Opinion from Bargell: Summit County’s Fourth of July — by the numbers
Ryan Summerlin July 3, 2013
Tomorrow marks the 237th anniversary of our nation’s declaration of independence. This time of year our little county of about 27,000 folks swells to nearly double its size as people from all over the world join us for this birthday celebration. Welcome.
It’s hard to believe some 300 of you will wake up early enough to take on the 6.2 mile run that begins with a climb up a trail aptly named Jack’s Cruel Joke. Even though it looks like there are a couple of hundred switchbacks at the start, take heart, it’s really closer to 13. You’ll get your workout in and be back in time to catch the 750 bikers who tackle the Firecracker 50, an impressive opening to the Breckenridge parade. The fastest trekker will complete the course in about three and half hours; others make a full day of it.
The several hundred kids on decorated bikes who lead off the Frisco Main Street parade long ago laid claim to my heartstrings, especially those 2-year-olds with red, white and blue training wheels. Someday maybe they’ll take their place at the start of the race just down the road. If all this talk of exercise makes you hungry, at last count more than 100,000 pieces of candy will fly through the air to expectant paradegoers. OK, I just made that number up, so if anyone is counting (other than my daughters) please let me know the official results.
While there’s never a shortage of summer sounds in the county, music from the National Repertory Orchestra is a perennial Fourth favorite. The orchestra that has called Summit County its home for the last 23 years will visit two local venues, where more than 80 young musicians from 23 states and eight countries will once again flawlessly perform patriotic and popular tunes. If a more contemporary sound is what you seek you should not be disappointed in the offering; a quick count reveals nearly 20 concerts in various locales.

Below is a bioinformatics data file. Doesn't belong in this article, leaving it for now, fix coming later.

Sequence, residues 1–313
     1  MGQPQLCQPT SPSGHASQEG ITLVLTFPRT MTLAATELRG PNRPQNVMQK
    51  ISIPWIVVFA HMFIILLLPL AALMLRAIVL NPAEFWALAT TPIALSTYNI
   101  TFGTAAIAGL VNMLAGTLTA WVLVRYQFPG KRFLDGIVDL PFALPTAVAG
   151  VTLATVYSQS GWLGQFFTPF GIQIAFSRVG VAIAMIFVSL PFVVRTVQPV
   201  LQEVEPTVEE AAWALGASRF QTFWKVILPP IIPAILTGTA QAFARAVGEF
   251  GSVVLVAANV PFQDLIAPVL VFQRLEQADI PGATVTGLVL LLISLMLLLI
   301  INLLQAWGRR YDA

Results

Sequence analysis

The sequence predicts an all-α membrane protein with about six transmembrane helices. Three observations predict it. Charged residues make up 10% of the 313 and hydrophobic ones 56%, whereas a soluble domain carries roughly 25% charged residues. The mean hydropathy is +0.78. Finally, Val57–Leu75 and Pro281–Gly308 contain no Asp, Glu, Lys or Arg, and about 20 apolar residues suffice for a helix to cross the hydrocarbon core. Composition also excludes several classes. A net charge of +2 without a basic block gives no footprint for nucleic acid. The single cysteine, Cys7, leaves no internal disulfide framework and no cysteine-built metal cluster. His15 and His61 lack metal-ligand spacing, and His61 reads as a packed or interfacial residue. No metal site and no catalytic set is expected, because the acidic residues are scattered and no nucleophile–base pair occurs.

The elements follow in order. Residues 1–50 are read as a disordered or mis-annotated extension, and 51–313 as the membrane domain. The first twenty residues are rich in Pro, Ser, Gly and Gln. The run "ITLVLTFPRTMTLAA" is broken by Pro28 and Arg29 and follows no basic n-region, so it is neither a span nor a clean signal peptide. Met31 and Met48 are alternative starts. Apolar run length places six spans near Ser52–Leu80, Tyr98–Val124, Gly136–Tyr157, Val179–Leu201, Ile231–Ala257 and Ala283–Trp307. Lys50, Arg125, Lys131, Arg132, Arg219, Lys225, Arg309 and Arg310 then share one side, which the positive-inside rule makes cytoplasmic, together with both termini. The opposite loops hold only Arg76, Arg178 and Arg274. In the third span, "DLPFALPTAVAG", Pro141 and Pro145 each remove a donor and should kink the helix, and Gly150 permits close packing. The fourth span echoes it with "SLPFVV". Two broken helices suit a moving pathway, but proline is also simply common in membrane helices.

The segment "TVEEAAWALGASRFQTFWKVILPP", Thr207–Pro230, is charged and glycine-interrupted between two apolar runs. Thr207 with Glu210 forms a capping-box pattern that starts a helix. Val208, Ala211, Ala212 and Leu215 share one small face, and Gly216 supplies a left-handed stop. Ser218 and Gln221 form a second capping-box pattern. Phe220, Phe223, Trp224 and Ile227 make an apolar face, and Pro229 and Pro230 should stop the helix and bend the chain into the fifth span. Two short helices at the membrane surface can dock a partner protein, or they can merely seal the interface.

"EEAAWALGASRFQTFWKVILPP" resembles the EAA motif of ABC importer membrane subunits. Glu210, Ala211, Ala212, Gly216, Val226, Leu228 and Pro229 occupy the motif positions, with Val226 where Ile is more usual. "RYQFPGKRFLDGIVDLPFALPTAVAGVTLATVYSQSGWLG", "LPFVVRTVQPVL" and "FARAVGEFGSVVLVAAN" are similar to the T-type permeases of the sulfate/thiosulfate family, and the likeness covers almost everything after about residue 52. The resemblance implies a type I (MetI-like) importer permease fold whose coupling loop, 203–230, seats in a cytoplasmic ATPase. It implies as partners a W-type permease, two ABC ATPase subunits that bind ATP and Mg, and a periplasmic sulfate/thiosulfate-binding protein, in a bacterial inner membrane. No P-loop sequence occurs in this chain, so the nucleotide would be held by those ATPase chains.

For those who just want a few moments of solitude, away from all the numbers, you can enjoy the approximately 300,000 acres of public lands (nearly 80 percent of the county) and the trails that traverse the White River National Forest and the Eagle’s Nest Wilderness area. Other travelers may join you on the road, however, to marvel at the local wildflowers (too many to count) that have graciously decided to peak for all the holiday hoopla. Seafaring types will relish the nearly 3,233 acres covered by the Dillon Reservoir, with over 26 miles of shoreline and views guaranteed from every vista.
Some numbers, however, remain constant, like the number of checkout lines at City Market. Even when all 11 are fully manned, with six more where you can help yourself, this time of year it never seems to be enough. Any holiday revelry we can muster for the countless folks who are working harder than ever this weekend to get us in and out of the all the places we need to be will no doubt be much appreciated.
This foray into numbers and statistics for a gal who generally is infatuated with words was prompted by the lyrics of different Fourth of July staple, the Lee Greenwood song “God Bless the USA” that will frequent the airwaves the next few days. Greenwood captures the sentiment many of us share when we remember what the holiday means: “I’m proud to be an American, where at least I know I’m free / And I won’t forget the men who died, who gave that right to me.”
These words caused me to look up some sobering statistics. Since our nation’s inception, over 1.3 million Americans have given their lives to make sure we can run, bike, hike and parade in the shadow of these glorious mountains, while those injured and missing top 1.6 million. Recently, I also learned there is a continuing tragic loss of servicemen and -women who daily give up on life, committing suicide at a staggering rate of nearly 22 per day. These statistics are not intended to dampen the enthusiasm that should characterize tomorrow’s festivities. Instead, it’s an overwhelming reminder of all the people who made the dream of “one nation, under God” a reality, and of the sacrifice that allows us live with liberty and justice for all.
Cindy Bargell is an attorney and mom who lives outside of Silverthorne with her husband and two daughters. She welcomes your comments at email@example.com
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